FBI investigates auction houses for wine fraud
- Tuesday 6 March 2007
The investigation was disclosed today by The Wall Street Journal, which said a federal grand jury in New York was hearing evidence and that the Federal Bureau of Investigation’s art-fraud unit was holding interviews.
Without citing its source, The Journal said ‘the criminal investigation is focusing . . . on whether auction houses, collectors or importers knowingly sold counterfeit wines despite doubts about their authenticity.’
The government could prosecute such sales under federal fraud laws.
Counterfeiting, the newspaper said, ‘is beginning to threaten confidence in the market for rare wines - except those sold directly from wineries.’
Jeff Zacharia, Zachys’ president, was quoted as saying that counterfeiting technology has become increasingly sophisticated, ‘forcing the industry to be more alert for fraud.’
‘Both Christie's and Zachys declined to comment on the subpoenas the firms received,’ The Journal said.
Since this story was published, Andrew M Crisses, Zachys’ lawyer, in reply to the Wall Street Journal report that Zachys and Christie’s have been subpoenaed, told decanter.com a federal attorney had sent Zachys a letter asking about any commercial dealings with Rodenstock. Zachys, he said, told the lawyer that it had not had any dealings. ‘As far as Zachys is concerned, the investigation is over,’ Crisses said.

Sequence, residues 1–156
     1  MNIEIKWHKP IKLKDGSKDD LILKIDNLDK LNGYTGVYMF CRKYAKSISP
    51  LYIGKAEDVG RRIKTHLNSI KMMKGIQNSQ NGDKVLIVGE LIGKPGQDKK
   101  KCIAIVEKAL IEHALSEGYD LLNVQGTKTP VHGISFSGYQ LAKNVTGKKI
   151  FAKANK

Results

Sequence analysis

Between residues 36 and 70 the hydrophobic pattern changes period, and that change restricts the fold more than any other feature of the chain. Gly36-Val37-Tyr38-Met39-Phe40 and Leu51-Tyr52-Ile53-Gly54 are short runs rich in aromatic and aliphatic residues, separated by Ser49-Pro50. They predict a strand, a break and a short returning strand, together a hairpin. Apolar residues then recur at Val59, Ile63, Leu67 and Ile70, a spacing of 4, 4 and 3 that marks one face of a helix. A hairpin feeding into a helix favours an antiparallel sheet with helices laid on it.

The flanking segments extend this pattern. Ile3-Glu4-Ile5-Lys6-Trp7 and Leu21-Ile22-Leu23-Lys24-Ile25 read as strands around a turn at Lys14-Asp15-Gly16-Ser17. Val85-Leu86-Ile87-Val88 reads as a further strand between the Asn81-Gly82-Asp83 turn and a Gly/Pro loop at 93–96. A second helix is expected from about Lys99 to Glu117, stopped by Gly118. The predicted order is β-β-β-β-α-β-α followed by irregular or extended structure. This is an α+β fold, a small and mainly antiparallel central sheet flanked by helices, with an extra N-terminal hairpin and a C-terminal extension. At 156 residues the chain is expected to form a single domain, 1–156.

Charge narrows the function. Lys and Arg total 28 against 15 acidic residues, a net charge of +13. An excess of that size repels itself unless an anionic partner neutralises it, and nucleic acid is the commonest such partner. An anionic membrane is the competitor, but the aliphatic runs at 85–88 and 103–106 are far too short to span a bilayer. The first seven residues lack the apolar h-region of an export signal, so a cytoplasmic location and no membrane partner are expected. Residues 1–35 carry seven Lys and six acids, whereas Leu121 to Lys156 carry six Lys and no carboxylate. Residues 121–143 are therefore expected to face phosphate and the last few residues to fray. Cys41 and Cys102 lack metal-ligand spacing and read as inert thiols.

Christie's has sent the following statement to decanter.com: 'Christie’s will not sell any lot that we know or have reason to believe is inauthentic or counterfeit. This applies to all property that we offer for sale around the world, from fine art to motor cars, from furniture to wine. We take all appropriate steps to establish authenticity, and work with the leading experts, authorities and institutions in the relevant field to research the property that we sell. With respect to recent news reports regarding an investigation into wine industry sales, we have been cooperating with officials and will continue to do so. We will not be making any detailed comment while the matter is subject to legal proceedings.'